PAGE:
OSSA may change classifications

After many conversations about wither or not to change the classifications in the OSAA from the current six classes to five beginning in the 2018-19 school year, the OSAA released a statement to school athletic directors on May 4th announcing that the committee will continue to move forward with idea there will be six classifications. 

According to the release, the 4A classification, where Cottage Grove High School currently is placed, would have been “most impacted by a possible move to a five classification system as it essentially splits their schools nearly in half. The 4A athletic directors voted 32 to 6 to keep a six classification system similar to how it looks currently for their schools,” the release said. 

The current six classifications divide 288 Oregon high school’s athletic and activity programs based off of a few factors, but is prominently based off of the enrollment size of the schools. Often, the smaller the school the lower the classification that school is placed in. 

Many larger schools, mostly in the 6A classification were in favor of a five classification association as opposed to the current six classifications. “They believe that a five classification approach with more schools in the classification provides more flexibility with league placements to address competitive balance concerns among their schools. Many 6A schools believe the current six classification system is broken and that long-term stability is better addressed in a five classification approach. Travel concerns were discussed, including the economic and academic impact of traveling for schools with higher SES factors and that some schools have fewer students participating due to lengthy travel,” the statement continued.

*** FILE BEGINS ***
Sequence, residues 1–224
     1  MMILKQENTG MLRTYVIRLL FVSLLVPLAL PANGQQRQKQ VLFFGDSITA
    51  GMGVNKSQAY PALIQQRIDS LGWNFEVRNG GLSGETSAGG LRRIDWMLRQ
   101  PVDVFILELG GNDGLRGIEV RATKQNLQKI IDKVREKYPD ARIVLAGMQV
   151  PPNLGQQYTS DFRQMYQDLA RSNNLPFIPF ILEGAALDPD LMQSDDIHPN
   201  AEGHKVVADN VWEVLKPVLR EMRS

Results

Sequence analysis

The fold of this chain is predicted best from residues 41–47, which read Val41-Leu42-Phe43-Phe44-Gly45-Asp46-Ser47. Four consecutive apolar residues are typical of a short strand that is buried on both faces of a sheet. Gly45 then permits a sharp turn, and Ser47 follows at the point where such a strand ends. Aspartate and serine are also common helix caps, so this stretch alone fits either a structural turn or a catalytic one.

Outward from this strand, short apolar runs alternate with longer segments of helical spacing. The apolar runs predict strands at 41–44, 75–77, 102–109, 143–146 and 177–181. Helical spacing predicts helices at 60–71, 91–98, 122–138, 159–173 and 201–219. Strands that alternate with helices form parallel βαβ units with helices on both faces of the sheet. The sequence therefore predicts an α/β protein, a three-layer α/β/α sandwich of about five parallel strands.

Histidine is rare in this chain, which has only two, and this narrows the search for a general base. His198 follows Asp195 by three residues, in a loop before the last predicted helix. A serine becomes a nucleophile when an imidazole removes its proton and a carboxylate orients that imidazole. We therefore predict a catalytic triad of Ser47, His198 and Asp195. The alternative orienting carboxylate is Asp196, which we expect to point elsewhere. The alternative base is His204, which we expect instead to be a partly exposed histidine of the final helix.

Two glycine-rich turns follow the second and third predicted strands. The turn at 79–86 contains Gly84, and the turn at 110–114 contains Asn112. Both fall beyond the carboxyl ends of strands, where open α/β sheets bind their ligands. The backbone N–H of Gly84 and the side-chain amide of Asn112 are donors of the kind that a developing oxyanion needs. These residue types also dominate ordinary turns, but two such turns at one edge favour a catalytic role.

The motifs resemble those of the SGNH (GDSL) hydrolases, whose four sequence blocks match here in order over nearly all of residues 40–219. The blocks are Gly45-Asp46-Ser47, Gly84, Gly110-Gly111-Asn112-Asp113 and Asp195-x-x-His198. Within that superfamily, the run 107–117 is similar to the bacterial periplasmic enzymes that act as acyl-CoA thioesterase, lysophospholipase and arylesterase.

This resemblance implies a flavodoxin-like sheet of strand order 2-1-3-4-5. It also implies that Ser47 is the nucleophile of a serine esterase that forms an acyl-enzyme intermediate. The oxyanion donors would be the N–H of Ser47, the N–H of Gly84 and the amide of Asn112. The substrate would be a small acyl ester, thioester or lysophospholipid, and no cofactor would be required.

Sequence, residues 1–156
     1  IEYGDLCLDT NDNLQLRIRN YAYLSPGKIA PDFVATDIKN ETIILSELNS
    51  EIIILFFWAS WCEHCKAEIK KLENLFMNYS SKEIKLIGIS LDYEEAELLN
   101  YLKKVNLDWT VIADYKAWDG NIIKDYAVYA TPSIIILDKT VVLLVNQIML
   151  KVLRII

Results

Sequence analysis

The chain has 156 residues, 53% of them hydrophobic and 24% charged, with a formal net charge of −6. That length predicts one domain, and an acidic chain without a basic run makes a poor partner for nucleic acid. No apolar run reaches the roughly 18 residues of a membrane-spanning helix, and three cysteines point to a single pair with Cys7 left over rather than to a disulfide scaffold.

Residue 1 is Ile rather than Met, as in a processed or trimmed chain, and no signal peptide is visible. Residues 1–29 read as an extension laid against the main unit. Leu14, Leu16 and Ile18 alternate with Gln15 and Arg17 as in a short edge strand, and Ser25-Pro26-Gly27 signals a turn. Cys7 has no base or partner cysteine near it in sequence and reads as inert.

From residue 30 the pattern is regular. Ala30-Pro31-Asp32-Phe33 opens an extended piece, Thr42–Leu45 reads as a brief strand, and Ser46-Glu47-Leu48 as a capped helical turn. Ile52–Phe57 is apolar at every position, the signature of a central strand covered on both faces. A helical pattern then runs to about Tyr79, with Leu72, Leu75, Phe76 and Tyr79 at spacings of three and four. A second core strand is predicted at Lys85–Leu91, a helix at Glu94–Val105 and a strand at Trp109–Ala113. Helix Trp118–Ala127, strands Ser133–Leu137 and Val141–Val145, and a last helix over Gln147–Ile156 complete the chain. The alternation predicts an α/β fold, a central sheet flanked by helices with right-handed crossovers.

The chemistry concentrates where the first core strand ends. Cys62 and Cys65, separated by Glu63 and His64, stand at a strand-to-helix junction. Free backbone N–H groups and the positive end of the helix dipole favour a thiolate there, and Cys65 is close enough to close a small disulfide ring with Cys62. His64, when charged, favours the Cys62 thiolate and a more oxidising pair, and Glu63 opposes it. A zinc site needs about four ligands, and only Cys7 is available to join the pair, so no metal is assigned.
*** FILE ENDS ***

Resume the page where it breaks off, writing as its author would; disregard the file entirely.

Still, in the end there was not enough support to make the change. “While there is support from some Committee members for five classifications, the majority of the voting members of the committee are in favor of moving forward with a six classification approach. Based on testimony and written correspondence over the past several months, it’s evident that a majority of schools believe that a six classification approach works best for the students, schools, and communities in our state.” 

The release also went on to say smaller classifications such as the 2A school’s conversations centered around “belief it would be unfair from a competitive balance viewpoint to bring in a number of larger schools. It was also mentioned that some schools would face longer travel in a five classification system.” 5A schools “contend that the six classification system isn’t broken and, at most, needs a slight tweaking of cutoff points moving forward. This group believes that competitive balance is covered in the committee’s charge and they don’t see competitive balance occurring in a five classification approach.”

The committee will meet May 22 to discuss what will be the cutoff of enrollment points for each classification, as well as which schools will go in what leagues moving forward. 

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